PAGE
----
Customer impatience has become an integral component of analyzing services, especially in the context of call centers. Typically, when customers arrive to such systems, they seem identical or homogeneous; however, from the system's perspective, as they wait in the queue, their residual willingness to wait changes. For instance, a customer who has already waited for 10 minutes may have a different residual willingness to wait compared with a customer who has only waited for 1 minute. In this manner, as time progresses, customers become differentiated on their estimated patience levels. We exploit this dimension of customer heterogeneity to construct scheduling policies in overloaded systems that dynamically prioritize customers based on their time in queue to optimize any given system performance metric. Interestingly, the optimal policy has a very simple structure, and we find that implementing it can lead to significant improvements over the first-come, first-served policy.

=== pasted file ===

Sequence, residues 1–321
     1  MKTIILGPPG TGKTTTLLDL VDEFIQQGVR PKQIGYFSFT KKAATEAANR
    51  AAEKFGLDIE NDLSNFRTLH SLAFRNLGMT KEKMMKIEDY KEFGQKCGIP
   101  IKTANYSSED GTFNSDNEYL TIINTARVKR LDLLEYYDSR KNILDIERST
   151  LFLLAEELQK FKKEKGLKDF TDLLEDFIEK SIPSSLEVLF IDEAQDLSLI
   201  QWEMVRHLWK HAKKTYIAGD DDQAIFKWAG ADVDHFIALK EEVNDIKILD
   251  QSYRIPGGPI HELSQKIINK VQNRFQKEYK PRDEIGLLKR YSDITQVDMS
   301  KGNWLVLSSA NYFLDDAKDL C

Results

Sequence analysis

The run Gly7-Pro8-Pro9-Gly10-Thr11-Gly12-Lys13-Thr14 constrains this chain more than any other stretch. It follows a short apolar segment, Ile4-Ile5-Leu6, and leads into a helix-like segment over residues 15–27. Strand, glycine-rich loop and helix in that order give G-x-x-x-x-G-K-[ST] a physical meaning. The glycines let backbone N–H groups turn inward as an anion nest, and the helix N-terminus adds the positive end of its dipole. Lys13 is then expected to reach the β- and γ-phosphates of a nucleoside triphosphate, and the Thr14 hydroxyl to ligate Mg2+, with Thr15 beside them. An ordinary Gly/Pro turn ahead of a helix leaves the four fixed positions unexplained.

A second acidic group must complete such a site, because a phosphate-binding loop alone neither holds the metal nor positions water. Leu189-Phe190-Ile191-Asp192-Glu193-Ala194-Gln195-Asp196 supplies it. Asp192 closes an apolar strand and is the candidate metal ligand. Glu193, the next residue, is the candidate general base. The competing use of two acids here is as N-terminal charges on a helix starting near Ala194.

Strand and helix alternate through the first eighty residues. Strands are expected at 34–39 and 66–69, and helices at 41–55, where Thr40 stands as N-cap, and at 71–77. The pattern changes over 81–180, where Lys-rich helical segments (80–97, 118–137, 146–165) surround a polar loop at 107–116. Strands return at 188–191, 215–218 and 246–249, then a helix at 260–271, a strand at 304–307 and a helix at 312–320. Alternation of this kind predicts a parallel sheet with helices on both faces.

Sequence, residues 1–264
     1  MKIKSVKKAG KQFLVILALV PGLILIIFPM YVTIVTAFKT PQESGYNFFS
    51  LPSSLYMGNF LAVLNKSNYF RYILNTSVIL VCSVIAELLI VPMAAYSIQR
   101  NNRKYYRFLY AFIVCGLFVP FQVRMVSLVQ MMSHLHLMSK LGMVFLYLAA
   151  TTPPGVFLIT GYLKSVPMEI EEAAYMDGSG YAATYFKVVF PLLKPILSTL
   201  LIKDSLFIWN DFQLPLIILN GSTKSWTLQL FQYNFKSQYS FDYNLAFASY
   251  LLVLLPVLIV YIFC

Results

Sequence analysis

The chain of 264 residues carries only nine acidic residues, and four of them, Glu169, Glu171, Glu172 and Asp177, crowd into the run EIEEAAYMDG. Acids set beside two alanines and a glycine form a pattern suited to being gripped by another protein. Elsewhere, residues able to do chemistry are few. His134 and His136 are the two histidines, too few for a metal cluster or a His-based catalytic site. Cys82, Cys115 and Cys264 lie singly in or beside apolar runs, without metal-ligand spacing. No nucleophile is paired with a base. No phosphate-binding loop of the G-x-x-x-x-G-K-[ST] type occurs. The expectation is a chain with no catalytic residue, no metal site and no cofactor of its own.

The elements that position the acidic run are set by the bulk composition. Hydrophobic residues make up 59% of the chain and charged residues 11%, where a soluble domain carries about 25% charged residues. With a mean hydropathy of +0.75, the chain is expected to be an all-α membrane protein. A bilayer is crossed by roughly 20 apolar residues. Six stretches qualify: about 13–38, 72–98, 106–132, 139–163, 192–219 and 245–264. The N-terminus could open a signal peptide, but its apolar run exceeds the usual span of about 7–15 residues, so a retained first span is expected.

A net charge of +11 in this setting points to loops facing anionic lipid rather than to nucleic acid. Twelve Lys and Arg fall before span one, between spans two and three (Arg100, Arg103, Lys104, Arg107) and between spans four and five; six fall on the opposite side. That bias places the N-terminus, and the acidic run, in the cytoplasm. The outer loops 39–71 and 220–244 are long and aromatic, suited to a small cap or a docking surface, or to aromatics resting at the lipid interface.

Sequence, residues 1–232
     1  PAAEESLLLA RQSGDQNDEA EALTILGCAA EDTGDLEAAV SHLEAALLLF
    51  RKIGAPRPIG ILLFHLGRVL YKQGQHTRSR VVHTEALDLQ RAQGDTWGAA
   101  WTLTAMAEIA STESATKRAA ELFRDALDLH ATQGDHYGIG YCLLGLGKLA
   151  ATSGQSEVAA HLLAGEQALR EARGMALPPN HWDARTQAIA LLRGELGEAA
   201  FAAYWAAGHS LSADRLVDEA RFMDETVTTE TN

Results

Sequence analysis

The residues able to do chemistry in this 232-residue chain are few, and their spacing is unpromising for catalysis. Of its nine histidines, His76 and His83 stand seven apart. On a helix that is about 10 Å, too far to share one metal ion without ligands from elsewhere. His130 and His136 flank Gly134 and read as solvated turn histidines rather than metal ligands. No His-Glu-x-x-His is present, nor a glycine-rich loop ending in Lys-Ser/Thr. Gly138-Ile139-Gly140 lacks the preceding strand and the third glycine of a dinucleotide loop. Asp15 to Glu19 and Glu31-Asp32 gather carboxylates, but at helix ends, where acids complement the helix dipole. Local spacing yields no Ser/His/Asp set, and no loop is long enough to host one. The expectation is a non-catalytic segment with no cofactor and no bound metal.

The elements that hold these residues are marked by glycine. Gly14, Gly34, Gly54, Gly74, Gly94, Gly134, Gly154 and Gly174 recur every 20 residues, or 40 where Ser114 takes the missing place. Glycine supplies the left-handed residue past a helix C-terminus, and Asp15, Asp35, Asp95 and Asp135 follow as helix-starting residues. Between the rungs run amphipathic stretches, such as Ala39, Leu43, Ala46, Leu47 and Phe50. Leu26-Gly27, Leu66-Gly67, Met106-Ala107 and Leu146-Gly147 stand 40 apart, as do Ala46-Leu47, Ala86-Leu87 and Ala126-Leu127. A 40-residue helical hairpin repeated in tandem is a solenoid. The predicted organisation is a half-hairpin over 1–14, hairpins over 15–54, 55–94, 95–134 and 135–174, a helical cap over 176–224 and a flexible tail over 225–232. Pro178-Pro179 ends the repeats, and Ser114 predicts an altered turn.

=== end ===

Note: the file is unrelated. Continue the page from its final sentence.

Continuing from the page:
ASJC Scopus subject areas
- Strategy and Management
- Management Science and Operations Research